1. What area of cancer research do you focus on?
We focus on the development of new treatments for cancers. Our research is based largely on the use of viruses – understanding how they infect healthy cells to make us sick and using that information to engineer viruses that can infect only cancer cells, leaving healthy cells unharmed. In a nutshell, we develop ‘smart viruses’ which hunt out and destroy cancer cells and, as a consequence, help the immune system to ‘see’ the tumour.
2. What is your Cancer Research Wales project aiming to do in that area?
Our current project is focussed on pancreatic cancer – a cancer type which often has a very poor prognosis. Our technology uses an ‘Achilles heel’ of pancreatic cancer – a specific marker that is found uniquely on the surface of pancreatic cancer cells but not normal cells. Our ‘smart virus’ can latch onto this marker to infect cancer cells. Once inside the cancer cells, the virus can kill them, but it has also been engineered to produce a protein, which coverts a harmless chemical called 5-FC into an extremely toxic agent called 5-FU, that also kills cancer cells. As a result, this ‘smart virus’ will not only directly kill cancer cells, but can also aid the use of certain drugs, making this cancer significantly more treatable.
3. Have there been any key achievements in the project?
During the first 12 months of our project, we have developed the relevant ‘smart virus’ for this project and tested it in cells grown in the lab, demonstrating proof of the principle. Next, we need to look at pancreatic cancer tissues grown directly from patients’ own tumours to see if the same results can be achieved.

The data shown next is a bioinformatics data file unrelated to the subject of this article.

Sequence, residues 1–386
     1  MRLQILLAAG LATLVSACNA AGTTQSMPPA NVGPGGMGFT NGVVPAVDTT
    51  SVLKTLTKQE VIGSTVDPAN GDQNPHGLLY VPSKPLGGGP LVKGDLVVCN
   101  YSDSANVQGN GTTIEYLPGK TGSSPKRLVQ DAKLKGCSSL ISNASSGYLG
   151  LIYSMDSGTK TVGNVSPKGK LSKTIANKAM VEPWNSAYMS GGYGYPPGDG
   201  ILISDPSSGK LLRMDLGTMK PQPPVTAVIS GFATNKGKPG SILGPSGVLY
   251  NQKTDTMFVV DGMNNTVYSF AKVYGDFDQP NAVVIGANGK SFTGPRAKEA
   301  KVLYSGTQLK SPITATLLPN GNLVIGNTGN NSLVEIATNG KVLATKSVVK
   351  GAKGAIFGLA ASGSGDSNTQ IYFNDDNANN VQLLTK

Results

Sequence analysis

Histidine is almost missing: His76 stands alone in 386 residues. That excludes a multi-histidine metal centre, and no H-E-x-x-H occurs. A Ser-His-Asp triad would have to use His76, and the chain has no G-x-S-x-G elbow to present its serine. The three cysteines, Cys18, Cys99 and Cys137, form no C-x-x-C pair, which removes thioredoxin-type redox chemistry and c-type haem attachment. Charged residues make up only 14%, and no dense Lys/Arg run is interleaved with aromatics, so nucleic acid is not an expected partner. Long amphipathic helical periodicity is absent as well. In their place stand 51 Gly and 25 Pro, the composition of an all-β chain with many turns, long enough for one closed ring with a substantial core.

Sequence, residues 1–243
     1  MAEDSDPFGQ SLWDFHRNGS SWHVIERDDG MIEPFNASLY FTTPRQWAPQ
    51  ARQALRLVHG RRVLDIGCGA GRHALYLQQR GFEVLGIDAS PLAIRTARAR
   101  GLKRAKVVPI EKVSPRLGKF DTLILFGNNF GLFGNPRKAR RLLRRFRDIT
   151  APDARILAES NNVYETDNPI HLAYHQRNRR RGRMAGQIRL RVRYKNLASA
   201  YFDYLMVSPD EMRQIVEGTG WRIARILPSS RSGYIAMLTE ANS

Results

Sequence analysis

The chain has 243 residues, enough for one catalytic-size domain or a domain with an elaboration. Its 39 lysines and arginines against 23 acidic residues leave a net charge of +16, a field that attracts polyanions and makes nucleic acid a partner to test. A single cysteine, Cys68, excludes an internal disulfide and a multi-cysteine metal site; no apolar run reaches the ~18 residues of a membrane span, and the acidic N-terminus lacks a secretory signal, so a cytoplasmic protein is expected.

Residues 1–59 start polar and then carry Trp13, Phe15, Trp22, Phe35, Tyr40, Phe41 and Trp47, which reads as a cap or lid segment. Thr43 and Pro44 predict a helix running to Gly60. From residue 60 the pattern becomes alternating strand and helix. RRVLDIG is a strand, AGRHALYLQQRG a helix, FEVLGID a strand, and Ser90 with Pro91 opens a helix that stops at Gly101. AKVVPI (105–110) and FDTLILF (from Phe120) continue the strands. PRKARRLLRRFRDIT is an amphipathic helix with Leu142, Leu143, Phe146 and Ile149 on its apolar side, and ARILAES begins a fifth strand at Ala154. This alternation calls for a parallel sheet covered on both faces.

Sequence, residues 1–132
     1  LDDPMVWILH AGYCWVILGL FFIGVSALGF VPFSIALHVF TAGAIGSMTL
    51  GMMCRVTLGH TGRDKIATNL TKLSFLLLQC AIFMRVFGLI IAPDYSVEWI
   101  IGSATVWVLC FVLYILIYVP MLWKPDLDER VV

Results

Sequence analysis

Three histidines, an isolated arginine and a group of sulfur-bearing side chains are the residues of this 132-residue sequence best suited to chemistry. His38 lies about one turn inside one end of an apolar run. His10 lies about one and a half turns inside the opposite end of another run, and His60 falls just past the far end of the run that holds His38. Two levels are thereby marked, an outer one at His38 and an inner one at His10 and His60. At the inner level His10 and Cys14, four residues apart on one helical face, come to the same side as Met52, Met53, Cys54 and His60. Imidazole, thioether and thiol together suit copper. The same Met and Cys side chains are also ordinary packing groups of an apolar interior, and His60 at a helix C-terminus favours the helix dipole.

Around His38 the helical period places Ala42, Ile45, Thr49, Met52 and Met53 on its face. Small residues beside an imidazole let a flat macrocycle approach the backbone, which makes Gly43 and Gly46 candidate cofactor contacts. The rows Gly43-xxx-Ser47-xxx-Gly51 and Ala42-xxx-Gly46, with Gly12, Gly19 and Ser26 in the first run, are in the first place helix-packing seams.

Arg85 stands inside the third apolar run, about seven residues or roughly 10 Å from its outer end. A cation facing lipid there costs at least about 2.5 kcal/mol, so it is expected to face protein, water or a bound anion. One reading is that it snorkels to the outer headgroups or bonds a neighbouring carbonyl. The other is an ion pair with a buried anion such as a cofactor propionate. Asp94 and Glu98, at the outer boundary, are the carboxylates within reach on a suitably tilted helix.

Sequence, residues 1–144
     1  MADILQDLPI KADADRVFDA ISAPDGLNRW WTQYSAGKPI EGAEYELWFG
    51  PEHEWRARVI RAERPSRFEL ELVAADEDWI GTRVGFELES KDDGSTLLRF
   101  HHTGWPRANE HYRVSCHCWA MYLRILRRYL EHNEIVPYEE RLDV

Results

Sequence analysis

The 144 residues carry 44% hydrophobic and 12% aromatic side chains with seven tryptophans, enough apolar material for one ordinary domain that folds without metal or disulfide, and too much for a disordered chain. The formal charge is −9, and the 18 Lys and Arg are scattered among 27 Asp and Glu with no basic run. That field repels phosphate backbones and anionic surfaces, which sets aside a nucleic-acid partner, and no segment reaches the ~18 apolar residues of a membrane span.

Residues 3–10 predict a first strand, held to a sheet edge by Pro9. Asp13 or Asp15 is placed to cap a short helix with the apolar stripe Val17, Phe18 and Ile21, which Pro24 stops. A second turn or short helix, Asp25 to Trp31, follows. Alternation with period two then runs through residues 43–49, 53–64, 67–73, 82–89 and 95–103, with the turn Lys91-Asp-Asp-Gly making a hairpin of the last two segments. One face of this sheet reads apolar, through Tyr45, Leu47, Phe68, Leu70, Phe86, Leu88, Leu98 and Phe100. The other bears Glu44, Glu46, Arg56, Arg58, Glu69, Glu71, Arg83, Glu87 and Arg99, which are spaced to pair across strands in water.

4. Why did you become a Cancer Research Wales researcher?
Cancer Research Wales fund some of the most cutting-edge cancer research going on here in Wales. They have been integral to helping me develop technologies that have a real prospect of being tested in patients in the next few years. Being supported by Cancer Research Wales has been and remains pivotal to our research programme. Having witnessed how hard the team work to raise funds, I can say it is a total honour to have our work funded by them.
5. Do you have a personal connection to cancer?
Yes, very much so – like many of us working in cancer research! I lost my mother to the disease when she was just 50. I was 17 at the time. There’s no doubt that this was pivotal in defining my career ambitions. It’s very easy to feel bitter and robbed that my mother died relatively young, and never got to meet her grandkids, but I try to feel more positively about it. She actually first had breast cancer when she was 40, when I was 7. Without those medicines developed at the time, she wouldn’t have seen her kids grow to adulthood. For me of course, the difference between losing a mother at 7 compared to 17 is huge, and I am so grateful that the drugs gave me the time to get to know my mother. So, I have always wanted to try and do my bit, and hope that one day what we develop might help keep loved ones together for longer.
6. Is there anything you'd like to say to our supporters?
Only how much their support means – not just to me and my group, but hopefully to reassure them that their support and fundraising will ultimately make a huge difference in helping more people survive cancer. On behalf of all my team, I would like to offer a huge thank you for all you do and ask you to keep up the amazing work! Diolch yn fawr!